So, when we talk about performance, one of the VM's component that people think of first is the dynamic adaptive compiler, also commonly know as the JIT. Below, I will talk about some performance issues around compilation. I will also touch on other areas / topics that are not JIT related but are important as well.Static Compilers vs JITs
One classic mistake that engineers make is to start implementing optimizations from their compiler text book in the JIT without due consideration. While some of those optimization techniques are meaningful, some are not. For one thing, the text books usually teach about static compilers. JITs, on the other hand, are dynamic compilers. Factor in JavaME's resource constrained requirements, and you'll have an even greater contrast in their attributes. Here's a comparison of the two technologies:
| Static compiler
|| JavaME JIT compiler
Can afford a lot of working memory to do the compilation work.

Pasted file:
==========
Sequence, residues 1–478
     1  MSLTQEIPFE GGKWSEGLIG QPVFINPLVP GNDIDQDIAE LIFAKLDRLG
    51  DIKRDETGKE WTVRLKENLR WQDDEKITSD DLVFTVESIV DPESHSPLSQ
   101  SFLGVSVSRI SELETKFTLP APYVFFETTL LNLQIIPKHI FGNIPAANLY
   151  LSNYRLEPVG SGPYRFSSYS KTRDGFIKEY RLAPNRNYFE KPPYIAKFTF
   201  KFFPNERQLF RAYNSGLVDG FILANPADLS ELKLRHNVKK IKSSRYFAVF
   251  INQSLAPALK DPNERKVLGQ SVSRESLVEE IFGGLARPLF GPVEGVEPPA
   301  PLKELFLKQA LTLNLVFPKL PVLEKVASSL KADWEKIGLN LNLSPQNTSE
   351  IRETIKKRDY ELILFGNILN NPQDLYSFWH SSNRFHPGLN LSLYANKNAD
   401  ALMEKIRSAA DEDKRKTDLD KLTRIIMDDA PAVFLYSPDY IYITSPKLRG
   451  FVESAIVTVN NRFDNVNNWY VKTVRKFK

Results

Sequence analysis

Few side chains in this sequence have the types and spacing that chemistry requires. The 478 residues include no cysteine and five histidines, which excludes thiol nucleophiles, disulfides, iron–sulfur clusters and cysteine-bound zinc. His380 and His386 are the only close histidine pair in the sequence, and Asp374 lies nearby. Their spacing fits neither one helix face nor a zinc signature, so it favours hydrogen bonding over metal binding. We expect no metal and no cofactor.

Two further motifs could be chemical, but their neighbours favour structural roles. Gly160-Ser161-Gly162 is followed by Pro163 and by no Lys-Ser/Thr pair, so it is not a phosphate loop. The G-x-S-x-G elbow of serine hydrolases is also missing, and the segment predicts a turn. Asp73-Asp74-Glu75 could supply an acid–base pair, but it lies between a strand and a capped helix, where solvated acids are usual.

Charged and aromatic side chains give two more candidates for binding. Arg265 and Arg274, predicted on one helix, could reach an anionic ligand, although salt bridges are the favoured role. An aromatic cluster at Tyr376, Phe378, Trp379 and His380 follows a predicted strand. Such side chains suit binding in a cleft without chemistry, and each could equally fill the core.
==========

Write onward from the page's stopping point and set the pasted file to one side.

Must minimize / limit amount of working memory used.
Can afford more time / CPU cycles to do compilation work.
Must minimize / limit consumption of CPU cycles.
Typically assumes all methods are available to the compiler.
Works with only a subset.
Typically compiles all methods.
Compiles only hot methods.
Must be able to compile all types of code.
Only need / want to compile commonly used types.|
Let the interpreter handle the uncommon cases.
Note how static compilers may assume the availability of more memory and CPU resources. Hence, their compilation techniques may have similar assumptions. Obviously, that means that some of those techniques may not be suitable for JavaME.
Note also that the Java platform is a dynamic environment where it is normal to expect some code to be downloaded at runtime. Very late binding of code is expected in the Java VM and language specifications. This doesn't match the static compiler's assumption that the entire application code base will be available as input to the compilation process.
The JIT's ability to let the interpreter handle execution of uncommon cases also reduces on resource consumption (in both compiled code and compiler footprint) for compiling code which is not critical to performance.